How Many Books/Films does One have to Read/Watch before Starting to Understand Comics

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Yiran Sun

According to Bal, signs only emerge in relation to other previously produced signs (7). This is perfectly evident in the case of comics, where signs recognized can always be traced to other semiotic systems such as film, photography, and history. This week I am going to analyze one scene from the comic The Ravages of Time by Chen Mou. This is the part in which Lv Bu tries to send his daughter to marry Yuan Shu’s son for alliance but loses her in the breakthrough battle. Besides background information obtained from earlier chapters, there are still two major layers in understanding this particular sequence, one is what some would call comic literacy, and the other is heavily based on prior knowledge of Chinese culture.

First of all, just by look at the thumbnail pictures, one would be able to tell that this sequence consists of two parts: the flashback (where the background outside frame panels is black) and the “now” (where the background is white). Here it is the difference that yields the information. The same practice can also be seen in films, where flashbacks are most often accompanied by noticeable special effects such as a vignette or a different color theme. Even if readers do not immediately recognize this, either because they were less familiar with the vocabulary, or simply because they read page by page so they can not detect the difference right away, there is still another clue for understanding the time change: the tempo. While the flashback consists of entirely static shots, the “now” is filled with action. Such sense of movement is conveyed both through the use of motion lines and Dutch angle shots. The use of motion lines (McCloud 110) came from photography, where an image would appear blurred when the shutter speed is not fast enough. This technique has been brought to an extreme by Japanese artists in the late 60s and is widely used across the globe. Dutch angle shots, or canted angle shots, on the other hand, is a technique from cinematography of showing the image as tilted to one side. It is normally used to create tension. Here, the author has managed to bring even more tension to it by adding slanted panel frames on top of canted images (Such as in page 9; this is relatively rare in Chen Mou’s work).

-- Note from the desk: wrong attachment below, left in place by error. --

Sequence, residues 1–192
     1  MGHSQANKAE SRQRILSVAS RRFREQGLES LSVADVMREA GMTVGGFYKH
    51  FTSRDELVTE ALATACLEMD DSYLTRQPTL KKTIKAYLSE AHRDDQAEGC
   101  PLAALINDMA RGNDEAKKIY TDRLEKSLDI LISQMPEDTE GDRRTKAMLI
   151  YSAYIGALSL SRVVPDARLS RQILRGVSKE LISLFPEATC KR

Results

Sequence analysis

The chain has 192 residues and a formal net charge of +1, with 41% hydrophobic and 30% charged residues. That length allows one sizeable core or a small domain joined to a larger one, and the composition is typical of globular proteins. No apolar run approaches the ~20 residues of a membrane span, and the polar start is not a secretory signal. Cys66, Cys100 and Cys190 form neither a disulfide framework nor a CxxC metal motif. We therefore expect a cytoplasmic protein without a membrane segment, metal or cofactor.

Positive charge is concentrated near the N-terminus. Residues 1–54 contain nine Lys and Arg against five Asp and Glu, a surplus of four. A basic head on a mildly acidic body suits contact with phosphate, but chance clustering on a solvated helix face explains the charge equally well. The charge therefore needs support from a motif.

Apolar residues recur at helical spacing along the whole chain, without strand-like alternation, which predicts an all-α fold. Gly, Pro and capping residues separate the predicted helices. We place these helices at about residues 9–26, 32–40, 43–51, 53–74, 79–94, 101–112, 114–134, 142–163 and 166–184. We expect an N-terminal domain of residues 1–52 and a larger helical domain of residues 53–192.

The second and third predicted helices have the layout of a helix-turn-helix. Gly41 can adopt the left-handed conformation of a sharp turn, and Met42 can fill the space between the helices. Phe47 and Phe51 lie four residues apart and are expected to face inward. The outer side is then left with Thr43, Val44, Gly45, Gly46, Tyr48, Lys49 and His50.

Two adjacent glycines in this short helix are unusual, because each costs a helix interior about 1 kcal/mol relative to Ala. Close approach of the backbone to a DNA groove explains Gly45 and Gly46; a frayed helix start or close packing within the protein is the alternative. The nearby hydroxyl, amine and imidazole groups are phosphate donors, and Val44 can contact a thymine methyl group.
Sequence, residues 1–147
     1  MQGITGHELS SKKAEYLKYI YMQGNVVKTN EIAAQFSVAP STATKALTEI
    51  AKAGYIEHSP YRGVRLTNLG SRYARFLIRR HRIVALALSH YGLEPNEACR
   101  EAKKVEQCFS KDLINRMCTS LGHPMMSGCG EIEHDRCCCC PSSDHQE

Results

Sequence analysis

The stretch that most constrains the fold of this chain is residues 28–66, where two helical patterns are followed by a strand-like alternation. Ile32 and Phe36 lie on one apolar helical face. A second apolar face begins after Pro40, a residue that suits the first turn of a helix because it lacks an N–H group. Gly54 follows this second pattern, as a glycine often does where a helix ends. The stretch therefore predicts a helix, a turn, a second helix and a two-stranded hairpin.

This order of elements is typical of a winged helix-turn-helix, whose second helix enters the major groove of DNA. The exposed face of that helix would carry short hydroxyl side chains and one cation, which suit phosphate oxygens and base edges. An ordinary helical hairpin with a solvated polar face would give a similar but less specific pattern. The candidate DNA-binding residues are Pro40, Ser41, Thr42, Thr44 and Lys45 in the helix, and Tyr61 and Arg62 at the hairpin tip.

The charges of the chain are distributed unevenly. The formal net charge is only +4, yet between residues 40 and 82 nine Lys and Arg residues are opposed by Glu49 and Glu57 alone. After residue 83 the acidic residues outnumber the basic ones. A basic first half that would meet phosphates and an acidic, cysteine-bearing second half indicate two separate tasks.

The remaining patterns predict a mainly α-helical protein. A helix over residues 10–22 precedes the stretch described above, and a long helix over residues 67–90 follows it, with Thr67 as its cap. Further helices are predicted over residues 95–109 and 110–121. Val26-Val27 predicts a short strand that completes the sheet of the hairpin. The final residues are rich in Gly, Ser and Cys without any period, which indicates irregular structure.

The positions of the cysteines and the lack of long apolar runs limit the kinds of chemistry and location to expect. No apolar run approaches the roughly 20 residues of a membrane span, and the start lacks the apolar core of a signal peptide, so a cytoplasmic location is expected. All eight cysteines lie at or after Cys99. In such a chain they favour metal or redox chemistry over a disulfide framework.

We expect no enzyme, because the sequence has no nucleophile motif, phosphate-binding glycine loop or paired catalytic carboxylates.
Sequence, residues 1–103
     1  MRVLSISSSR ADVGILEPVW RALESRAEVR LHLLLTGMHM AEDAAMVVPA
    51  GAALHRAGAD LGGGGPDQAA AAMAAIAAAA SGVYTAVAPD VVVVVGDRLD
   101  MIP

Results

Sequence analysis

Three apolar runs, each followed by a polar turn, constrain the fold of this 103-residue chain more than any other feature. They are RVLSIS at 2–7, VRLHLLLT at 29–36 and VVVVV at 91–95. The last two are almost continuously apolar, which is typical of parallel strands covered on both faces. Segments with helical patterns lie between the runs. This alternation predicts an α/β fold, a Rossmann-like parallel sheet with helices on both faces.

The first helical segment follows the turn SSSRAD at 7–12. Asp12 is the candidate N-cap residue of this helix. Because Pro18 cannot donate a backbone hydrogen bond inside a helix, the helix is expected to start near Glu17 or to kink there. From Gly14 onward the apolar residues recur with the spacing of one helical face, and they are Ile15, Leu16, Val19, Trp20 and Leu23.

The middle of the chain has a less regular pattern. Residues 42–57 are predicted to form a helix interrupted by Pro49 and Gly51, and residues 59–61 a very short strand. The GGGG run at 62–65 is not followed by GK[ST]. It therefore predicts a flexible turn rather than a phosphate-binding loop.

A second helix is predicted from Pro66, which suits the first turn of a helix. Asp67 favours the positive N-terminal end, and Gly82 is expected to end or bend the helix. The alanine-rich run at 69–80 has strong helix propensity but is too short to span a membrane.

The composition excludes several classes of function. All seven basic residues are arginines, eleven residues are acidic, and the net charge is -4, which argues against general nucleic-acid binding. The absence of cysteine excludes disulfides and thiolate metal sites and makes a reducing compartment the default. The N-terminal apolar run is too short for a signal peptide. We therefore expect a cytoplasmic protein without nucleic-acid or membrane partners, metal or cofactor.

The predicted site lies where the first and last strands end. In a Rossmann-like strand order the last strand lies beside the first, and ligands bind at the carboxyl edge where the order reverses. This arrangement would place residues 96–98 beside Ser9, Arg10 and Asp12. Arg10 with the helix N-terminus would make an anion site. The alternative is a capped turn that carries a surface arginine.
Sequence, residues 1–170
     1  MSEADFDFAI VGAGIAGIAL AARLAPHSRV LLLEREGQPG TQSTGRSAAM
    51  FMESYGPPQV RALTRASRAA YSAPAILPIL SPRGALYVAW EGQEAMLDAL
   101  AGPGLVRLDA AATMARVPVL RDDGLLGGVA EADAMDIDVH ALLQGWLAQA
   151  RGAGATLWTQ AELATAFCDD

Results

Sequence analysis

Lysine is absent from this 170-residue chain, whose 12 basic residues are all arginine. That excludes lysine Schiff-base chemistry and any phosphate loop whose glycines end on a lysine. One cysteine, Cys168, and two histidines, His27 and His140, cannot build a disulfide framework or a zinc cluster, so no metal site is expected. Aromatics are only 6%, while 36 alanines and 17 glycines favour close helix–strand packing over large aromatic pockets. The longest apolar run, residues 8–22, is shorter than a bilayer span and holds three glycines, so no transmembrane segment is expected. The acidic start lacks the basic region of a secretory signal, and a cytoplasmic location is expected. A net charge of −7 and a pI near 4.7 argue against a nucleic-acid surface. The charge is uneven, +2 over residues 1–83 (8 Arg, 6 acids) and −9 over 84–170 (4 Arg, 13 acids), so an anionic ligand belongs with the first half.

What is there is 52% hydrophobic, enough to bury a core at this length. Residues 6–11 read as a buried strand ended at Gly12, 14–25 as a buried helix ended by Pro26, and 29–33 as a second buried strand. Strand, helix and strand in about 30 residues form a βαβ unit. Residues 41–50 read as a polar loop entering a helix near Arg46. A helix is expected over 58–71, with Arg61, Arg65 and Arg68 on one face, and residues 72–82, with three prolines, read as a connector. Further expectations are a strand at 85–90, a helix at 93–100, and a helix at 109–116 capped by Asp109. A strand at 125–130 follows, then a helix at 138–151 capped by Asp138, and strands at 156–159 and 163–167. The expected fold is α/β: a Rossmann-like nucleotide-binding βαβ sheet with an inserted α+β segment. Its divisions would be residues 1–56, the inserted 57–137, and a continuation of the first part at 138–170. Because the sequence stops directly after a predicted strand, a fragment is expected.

Now let’s look more closely at the images themselves. Chen Mou employs a style that bears greater resemblance to reality than most Asian comics. Such a style does not only have aesthetic meaning, but also decides how much information is contained in the images. The hotter (McLuhan)/more realistic the style, the lesser a reader will be able to participate in it. However, in this case its role as indices (Peirce) becomes more prominent. For example, let’s look at the first two panel frames on page 1. From the images alone, we can infer that this part of story happens in ancient East Asia (from the first panel), and probably involves either torture or surgery (second panel). Now imagine if the first panel was a stick figure of a house and the second one extremely abstract lines of knives and needles with no detail for the blood: there would be too many possibilities and thus no useful information. (If an artist chooses that style, it is usually for the purpose of creating intentional ambiguity.)